SUDO - UK
URGENT: Implementation of Amputation Sentence in Khartoum, Sudan
February 18, 2013
Doctors in Al-Ribat University Hospital in Khartoum implemented a sentence of amputation on a man convicted with Brigandage (Haraba) after the convicted had exhausted all appeal stages. This is the first time in thirty years that this penalty has been implemented in Sudan.
Al-Sudani newspaper issued in Khartoum on Friday February 15, stated that the convicted had blocked the road in March 2006 stopping a car on its way to the market in West Kordofan, and threatening the passengers with a Kalashnikov rifle he was carrying.
According to Sudanese Penal Code which is based on Shari’a laws, article 167 Haraba (Highway Robbery) of the Penal Code 1991 states:
Whoever threatens the public or troubles the security of the roads by menaces intending to commit an offence against human body, honour or property, provided the act is committed:-
(a) Out of town, in land, sea or air or in town where help is difficult to get.
(b) By use of arms or any instrument capable of causing harm or threat to cause such harm is said to commit Haraba.
Article 168 states the punishment of Haraba as follow:
Whoever commits Haraba shall be punished with: -
(a) Execution or execution and thereafter crucifixion if his acts resulted in murder or rape.
(b) Amputation of the right hand and left foot if his act resulted in grievous bodily harm or theft of property which amounts to the required minimum (Nisab) for theft punishable with amputation (Sariqah Hadiya).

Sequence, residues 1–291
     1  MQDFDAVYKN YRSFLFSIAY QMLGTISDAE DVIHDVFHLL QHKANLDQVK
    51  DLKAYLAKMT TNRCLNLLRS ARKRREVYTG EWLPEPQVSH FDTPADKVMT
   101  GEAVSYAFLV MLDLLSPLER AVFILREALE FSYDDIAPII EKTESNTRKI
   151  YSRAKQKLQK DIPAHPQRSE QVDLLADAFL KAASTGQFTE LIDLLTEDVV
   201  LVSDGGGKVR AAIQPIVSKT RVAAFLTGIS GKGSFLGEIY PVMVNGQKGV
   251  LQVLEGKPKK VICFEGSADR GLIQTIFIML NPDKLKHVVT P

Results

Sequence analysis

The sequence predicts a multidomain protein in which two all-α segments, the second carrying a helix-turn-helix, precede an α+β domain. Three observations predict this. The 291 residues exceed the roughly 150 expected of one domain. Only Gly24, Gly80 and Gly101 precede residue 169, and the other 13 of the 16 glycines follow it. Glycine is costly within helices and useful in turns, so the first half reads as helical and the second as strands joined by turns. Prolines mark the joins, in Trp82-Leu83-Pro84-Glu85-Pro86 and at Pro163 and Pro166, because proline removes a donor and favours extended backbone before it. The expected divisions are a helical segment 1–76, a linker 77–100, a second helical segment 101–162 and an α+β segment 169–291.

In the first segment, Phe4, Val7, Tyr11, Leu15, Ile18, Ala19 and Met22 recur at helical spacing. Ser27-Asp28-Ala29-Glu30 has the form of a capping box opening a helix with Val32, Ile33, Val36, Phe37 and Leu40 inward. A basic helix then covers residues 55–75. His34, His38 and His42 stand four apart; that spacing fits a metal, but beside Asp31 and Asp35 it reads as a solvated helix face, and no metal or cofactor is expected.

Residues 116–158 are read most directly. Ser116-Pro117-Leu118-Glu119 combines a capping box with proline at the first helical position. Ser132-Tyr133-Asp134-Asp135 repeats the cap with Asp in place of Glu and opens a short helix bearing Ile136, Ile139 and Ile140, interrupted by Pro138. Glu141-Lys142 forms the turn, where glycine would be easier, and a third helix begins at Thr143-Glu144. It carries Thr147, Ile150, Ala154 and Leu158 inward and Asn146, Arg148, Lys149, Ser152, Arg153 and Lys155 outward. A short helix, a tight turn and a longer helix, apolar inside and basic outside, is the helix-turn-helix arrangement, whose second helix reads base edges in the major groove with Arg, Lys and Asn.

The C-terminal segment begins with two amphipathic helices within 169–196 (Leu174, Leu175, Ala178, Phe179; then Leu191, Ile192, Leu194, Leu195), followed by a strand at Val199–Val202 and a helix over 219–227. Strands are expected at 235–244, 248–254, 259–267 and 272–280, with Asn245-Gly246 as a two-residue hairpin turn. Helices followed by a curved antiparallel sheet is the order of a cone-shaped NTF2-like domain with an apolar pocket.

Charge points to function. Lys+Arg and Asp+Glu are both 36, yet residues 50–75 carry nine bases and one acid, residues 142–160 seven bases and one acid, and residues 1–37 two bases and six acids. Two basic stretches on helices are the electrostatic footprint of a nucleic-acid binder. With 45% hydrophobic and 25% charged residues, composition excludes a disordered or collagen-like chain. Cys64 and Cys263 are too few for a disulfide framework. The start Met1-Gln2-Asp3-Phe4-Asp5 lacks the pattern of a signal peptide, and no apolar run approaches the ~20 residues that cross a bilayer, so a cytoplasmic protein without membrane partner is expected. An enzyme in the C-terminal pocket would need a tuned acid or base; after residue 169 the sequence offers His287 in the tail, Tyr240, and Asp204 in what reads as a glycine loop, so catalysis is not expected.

(c) Imprisonment by way of banishment for a term which may not exceed seven years in cases not covered by paragraphs (a) and (b).
SUDO UK condemns amputation and considers such penalties as cruel, inhuman and degrading punishments. In addition they are inconsistent with Sudan’s obligations under the International Covenant on Civil and Political Rights (ICCPR).
SUDO UK urges on the Sudanases Government to:
- Amend articles within the 1991 Penal Code to bring it into line with international human rights standards ratified by the Sudan
- Monitor all courts in Sudan to ensure accordance with international human rights law and the rule of law.
- Guarantee respect for human rights and fundamental freedoms throughout Sudan in accordance with national laws and international human rights standards
SUDO UK calls on all doctors to refuse to carry out amputations in line with The UN Principles of Medical Ethics relevant to the Role of Health Personnel, particularly Physicians, in the Protection of Prisoners and Detainees against Torture and Other Cruel, Inhuman or Degrading Treatment or Punishment, adopted by General Assembly resolution 37/194 of 18 December 1982 and applicable to all health professionals, which state that it is against medical ethics for health personnel to be in any relationship with detainees “the purpose of which is not solely to evaluate, protect or improve their physical and mental health”.